Twitter verification fiasco could end in court

The Twitter Verification System the debacle had more twists and turns than a Stephen King novel, which is fitting, considering the author has been at the center of yet another storm on the platform. Verified user “legacy” due to his fame as a horror novelist, King likely expected to lose his blue tick on April 20, when Twitter owner Elon Musk announced he was planning to undemarcate all legacy users.

But while those around him lost their blue ticks, King kept his. It soon emerged that Musk had chosen the writer and two others – NBA star LeBron James and Star Trek actor William Shatner – to receive the blue check for free. These new blue checks come with a label that says, “This account is verified because they follow Twitter Blue and have verified their phone number.” The king opposed it. “My Twitter account says I’m following Twitter Blue,” he tweeted. ” I do not have. My Twitter account says I gave a phone number. I did not do it.

More confusion followed when Twitter backtracked on Musk’s set-or-shut approach to verification. It now appears that any former Twitter user with over a million followers before April 20 has had their check mark reinstated, along with a note that they paid for it. Many claim they haven’t, which, if true, could open Twitter up to a host of legal issues.

“There are a number of potential legal claims we might see on Twitter awarding blue checks to accounts that haven’t signed up there and don’t want them,” says law and media professor Alexandra Roberts. at Northeastern University. “Since Blue Checks are supposed to be for users who subscribe to Twitter Blue and have verified their phone number.”

Among the laws Twitter could violate, Roberts says, include federal laws prohibiting false advertising or endorsement and state laws against allegations of unfair competition, as well as lawsuits for defamation and misappropriation of publicity rights. Any cases falling under these laws (“none are a slam dunk”, according to Roberts) should prove that Twitter’s false claim that celebrities had paid for Blue constitutes an endorsement of the service or commercial use by the company. platform, or that consumers see them would be misled.

Some researchers believe it is possible to make this case.

“What Musk does by paying for certain celebrities to retain a blue checkmark may be considered an unfair or deceptive practice because it creates the impression to the public, including consumers, that these specific celebrities endorse Twitter’s business models” , says Catalina Goanta. , Associate Professor of Law, Economics and Governance at Faculty of Law of the University of Utrecht. “Only LeBron James or William Shatner have the right to use their own personalities and public images.”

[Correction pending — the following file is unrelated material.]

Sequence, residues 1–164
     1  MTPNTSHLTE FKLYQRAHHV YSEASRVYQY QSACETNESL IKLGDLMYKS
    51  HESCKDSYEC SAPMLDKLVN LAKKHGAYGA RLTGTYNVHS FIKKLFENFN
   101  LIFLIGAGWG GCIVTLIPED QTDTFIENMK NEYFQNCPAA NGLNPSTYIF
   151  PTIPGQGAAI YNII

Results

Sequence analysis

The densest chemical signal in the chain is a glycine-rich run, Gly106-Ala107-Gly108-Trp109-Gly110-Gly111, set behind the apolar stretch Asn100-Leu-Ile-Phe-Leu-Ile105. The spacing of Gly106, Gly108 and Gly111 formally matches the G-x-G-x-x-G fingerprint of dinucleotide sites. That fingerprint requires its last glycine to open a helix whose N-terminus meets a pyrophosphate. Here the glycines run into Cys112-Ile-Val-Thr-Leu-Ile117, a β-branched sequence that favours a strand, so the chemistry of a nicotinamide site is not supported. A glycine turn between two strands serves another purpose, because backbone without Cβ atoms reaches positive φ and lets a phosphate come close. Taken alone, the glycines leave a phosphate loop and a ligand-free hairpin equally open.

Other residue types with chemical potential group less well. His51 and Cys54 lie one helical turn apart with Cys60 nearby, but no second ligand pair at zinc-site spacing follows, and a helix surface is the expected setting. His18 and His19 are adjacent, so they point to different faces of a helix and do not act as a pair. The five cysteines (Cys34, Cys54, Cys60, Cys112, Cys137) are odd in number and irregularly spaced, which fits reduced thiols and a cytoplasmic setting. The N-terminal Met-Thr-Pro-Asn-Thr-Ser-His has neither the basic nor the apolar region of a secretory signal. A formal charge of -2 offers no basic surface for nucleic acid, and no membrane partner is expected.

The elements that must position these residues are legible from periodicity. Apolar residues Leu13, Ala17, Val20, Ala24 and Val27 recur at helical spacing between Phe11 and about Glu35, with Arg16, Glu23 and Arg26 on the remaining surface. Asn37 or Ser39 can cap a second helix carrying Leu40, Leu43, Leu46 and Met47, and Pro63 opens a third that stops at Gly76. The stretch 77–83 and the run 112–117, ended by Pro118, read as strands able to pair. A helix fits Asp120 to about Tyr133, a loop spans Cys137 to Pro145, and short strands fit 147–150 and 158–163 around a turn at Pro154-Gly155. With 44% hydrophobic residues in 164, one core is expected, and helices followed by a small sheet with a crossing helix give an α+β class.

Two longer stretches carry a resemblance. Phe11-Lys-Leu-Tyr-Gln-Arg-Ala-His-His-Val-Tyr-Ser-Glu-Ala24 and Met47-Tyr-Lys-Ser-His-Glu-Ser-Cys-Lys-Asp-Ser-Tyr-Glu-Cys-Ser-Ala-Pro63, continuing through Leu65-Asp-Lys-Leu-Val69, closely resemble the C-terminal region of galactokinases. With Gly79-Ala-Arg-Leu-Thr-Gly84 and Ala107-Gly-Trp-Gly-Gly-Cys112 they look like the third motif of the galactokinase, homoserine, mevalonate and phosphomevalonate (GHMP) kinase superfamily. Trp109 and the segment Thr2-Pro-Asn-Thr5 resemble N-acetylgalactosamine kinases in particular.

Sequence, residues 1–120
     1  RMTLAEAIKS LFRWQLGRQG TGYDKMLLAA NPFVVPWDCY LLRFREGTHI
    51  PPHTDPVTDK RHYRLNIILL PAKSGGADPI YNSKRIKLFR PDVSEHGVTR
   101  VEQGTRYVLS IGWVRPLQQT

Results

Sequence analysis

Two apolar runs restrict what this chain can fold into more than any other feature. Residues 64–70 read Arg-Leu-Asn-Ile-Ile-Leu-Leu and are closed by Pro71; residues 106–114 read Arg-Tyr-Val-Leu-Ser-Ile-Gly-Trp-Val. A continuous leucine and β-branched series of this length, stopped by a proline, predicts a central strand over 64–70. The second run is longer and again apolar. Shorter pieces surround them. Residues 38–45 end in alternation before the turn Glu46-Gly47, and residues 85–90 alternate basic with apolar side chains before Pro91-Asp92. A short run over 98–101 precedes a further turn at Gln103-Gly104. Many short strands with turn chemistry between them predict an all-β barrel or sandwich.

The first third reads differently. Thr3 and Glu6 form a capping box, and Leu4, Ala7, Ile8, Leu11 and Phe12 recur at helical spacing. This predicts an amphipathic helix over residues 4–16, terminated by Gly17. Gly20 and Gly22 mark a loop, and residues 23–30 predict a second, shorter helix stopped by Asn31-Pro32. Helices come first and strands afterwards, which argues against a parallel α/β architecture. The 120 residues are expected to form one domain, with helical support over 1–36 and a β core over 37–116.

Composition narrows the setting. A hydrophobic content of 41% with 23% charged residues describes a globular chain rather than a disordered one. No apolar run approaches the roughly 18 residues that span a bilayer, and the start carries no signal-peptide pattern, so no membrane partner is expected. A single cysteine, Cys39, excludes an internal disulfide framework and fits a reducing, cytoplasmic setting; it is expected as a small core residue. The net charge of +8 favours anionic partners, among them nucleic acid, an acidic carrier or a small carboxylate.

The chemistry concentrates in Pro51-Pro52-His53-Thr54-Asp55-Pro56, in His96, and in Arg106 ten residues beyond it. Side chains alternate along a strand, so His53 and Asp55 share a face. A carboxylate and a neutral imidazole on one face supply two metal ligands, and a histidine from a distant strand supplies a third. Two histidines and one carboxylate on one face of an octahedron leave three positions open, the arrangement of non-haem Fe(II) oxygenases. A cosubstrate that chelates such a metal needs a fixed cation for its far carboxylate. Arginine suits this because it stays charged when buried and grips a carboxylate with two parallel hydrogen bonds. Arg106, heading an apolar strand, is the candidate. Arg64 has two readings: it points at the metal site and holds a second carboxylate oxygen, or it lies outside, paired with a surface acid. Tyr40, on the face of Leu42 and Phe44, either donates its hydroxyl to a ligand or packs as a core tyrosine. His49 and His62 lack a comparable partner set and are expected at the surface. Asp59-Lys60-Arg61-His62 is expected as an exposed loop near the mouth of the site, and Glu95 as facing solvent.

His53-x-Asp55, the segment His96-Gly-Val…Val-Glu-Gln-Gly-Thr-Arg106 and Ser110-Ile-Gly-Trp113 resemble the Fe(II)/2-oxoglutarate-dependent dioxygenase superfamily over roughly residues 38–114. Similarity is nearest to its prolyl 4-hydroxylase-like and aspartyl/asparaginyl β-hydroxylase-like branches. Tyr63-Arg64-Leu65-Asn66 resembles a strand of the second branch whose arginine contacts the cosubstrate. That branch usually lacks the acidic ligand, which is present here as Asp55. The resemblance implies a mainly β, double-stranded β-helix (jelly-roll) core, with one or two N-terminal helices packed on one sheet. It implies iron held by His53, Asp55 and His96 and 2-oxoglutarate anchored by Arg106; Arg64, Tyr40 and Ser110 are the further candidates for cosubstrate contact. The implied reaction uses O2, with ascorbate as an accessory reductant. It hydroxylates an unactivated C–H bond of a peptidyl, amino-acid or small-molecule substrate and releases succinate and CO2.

The launch of Twitter Blue was not a resounding success. It is would have making Twitter less than 1% of its targeted annual revenue. Twitter did not respond to a request for comment on this story beyond sending an automated poop emoji response.

By imposing blue checkmarks on reluctant users, Twitter could also have opened itself up to regulatory action.

“The US, EU and UK have similar rules in this regard, prohibiting unfair and deceptive practices that can manipulate consumers and affect markets,” Goanta says.

The Federal Trade Commission Act prohibits deceptive acts or practices affecting commerce – to say that countless celebrities and well-known people have paid for a Twitter Blue subscription when they haven’t seems like a pretty good example of that. “It’s also possible we’ll see agency action,” she said. The FTC declined to comment.

The platform could face similar action in the UK, under “passing off” laws, says Andres Guadamuz, a law and technology academic specializing in intellectual property at the University of Sussex. Because the checkmark implies the wearer paid for the service, “that’s a misrepresentation,” Guadamuz says.

Given the widespread disregard on Twitter for people who have paid for verification, celebrities could also argue that their reputations have been tarnished.

“Any celebrity who wants to troll Musk should seriously consider calling their lawyers,” Guadamuz said. “That could be a very strong case.”

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